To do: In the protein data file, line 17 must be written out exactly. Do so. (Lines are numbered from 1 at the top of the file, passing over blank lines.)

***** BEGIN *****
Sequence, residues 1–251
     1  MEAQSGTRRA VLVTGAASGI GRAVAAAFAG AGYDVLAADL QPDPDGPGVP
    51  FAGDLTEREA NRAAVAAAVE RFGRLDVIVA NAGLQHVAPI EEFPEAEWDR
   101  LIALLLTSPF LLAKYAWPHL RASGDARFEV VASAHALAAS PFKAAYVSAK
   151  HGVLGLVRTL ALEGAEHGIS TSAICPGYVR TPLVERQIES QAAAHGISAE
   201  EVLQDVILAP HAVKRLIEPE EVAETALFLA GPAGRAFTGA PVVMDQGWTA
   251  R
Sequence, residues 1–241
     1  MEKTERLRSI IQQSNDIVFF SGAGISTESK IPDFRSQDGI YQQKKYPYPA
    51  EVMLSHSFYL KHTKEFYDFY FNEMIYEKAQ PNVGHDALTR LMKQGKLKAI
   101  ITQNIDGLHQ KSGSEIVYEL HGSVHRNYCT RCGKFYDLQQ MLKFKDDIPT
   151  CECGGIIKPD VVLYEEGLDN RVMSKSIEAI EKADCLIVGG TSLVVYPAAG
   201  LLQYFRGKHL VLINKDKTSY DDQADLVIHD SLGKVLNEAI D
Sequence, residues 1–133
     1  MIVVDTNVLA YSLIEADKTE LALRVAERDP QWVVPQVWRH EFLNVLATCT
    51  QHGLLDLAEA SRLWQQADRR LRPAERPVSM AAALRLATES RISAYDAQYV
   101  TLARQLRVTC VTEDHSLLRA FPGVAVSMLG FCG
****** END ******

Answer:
   101  TLARQLRVTC VTEDHSLLRA FPGVAVSMLG FCG